O'Reilly logo

Baseball Hacks by Joseph Adler

Stay ahead with the world's most comprehensive technology and business learning platform.

With Safari, you learn the way you learn best. Get unlimited access to videos, live online training, learning paths, books, tutorials, and more.

Start Free Trial

No credit card required

OBP, SLG, and Scoring Runs

Calculate the relative strengths of how you can use OBP and SLG to estimate runs.

In his 2003 best-selling book, Moneyball (W. W. Norton & Company), Michael Lewis communicated that in the evaluation of players, the Oakland Athletics organization placed a weight on on-base percentage that was worth roughly three times the weight of slugging percentage:

…OPS was the simple addition of on-base and slugging percentages. Crude as it was, it was a much better indicator than any other offensive statistic of the number of runs a team would score. Simply adding the two statistics together, however, implied that they were of equal importance. If the goal was to raise a team’s OPS, an extra percentage point of on-base was as good as an extra percentage point of slugging.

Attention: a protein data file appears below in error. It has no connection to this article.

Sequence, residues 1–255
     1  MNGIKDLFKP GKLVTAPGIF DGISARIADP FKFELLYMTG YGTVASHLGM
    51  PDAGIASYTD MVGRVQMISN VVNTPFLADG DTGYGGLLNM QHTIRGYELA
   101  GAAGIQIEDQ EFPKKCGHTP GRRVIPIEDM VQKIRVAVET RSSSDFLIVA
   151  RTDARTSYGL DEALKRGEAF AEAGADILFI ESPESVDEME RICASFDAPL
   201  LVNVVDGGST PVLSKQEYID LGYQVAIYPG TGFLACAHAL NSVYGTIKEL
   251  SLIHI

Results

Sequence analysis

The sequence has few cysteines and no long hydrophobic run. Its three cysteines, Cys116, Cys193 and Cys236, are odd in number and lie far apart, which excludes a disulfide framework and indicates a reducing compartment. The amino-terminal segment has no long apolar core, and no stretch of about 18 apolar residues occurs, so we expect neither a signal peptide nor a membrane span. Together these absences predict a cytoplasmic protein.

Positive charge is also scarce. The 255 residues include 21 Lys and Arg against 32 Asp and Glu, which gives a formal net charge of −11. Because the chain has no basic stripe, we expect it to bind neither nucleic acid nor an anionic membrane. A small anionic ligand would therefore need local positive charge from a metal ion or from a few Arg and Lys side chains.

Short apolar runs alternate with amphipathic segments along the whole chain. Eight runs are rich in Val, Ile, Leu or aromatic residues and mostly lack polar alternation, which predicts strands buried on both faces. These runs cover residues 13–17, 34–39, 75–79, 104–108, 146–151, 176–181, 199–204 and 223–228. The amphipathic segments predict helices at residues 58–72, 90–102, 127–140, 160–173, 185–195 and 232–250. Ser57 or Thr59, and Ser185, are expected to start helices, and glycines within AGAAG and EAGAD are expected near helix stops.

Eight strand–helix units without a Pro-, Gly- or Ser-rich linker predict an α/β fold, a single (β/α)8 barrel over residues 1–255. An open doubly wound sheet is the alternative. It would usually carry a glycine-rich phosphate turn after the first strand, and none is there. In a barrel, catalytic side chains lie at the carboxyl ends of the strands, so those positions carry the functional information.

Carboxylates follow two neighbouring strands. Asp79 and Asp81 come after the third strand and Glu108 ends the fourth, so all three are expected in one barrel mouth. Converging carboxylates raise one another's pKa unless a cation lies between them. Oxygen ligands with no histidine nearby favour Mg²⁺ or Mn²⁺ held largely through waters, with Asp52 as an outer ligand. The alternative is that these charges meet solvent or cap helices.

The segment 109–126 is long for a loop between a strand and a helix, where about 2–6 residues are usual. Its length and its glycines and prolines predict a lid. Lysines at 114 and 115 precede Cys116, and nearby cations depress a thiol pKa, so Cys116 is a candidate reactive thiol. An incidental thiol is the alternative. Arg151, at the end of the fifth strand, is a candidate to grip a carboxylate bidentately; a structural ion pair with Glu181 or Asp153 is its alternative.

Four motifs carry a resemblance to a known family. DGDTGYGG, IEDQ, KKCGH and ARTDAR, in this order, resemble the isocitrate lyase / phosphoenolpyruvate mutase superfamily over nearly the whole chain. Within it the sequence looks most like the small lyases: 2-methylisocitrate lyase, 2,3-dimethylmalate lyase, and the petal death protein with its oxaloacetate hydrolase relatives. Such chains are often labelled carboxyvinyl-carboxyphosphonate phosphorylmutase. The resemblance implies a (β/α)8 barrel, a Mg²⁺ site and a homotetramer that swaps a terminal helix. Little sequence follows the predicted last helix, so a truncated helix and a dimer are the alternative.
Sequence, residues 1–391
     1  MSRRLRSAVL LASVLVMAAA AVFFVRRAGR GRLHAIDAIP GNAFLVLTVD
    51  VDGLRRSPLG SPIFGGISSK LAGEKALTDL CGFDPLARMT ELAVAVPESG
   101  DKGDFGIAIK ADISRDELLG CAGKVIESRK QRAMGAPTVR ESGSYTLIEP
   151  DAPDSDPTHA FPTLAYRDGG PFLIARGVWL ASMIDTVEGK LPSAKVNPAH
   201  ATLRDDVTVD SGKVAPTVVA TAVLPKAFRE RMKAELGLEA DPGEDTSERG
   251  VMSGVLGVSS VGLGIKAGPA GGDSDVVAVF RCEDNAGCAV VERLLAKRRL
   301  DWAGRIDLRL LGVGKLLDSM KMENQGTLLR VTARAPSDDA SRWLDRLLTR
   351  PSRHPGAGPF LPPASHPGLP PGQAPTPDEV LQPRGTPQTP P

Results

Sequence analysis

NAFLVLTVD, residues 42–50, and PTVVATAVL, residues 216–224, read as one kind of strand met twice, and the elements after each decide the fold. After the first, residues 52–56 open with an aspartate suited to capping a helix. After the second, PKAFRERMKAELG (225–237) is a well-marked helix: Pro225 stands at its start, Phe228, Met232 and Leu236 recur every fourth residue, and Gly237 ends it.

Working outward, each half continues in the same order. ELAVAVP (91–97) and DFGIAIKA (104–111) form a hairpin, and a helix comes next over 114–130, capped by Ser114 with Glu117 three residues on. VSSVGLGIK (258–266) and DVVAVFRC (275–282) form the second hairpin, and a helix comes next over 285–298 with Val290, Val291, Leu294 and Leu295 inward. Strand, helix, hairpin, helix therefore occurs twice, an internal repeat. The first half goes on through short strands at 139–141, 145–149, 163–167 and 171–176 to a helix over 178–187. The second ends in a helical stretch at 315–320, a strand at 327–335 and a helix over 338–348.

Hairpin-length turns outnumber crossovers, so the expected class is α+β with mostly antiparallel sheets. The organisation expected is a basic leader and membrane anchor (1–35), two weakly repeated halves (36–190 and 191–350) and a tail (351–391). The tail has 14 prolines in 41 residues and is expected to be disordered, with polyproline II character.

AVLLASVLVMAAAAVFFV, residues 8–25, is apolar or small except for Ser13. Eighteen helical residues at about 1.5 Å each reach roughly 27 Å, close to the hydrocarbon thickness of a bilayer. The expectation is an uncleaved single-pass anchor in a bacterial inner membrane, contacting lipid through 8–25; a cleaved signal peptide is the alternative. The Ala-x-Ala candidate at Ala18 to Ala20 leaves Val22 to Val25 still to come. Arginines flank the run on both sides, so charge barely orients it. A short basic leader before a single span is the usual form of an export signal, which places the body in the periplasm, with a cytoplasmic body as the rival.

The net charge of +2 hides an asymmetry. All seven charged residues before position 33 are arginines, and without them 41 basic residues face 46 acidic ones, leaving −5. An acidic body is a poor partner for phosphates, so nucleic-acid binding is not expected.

Before his thought experiment Paul [DePodesta] had felt uneasy with this crude assumption; now he saw that the assumption was absurd. An extra point of on-base percentage was clearly more valuable than an extra point of slugging percentage—but by how much? … In his model an extra point of on-base percentage was worth three times an extra point of slugging percentage.

In this hack, we’ll show how to calculate how much more important OBP is than SLG, using a simple linear regression analysis. And we’ll demonstrate that this number is closer to two than it is to three.

The Data and the Code

In this hack, we take a very simple approach to calculating the relative values of OBP and SLG, as they pertain to ...

With Safari, you learn the way you learn best. Get unlimited access to videos, live online training, learning paths, books, interactive tutorials, and more.

Start Free Trial

No credit card required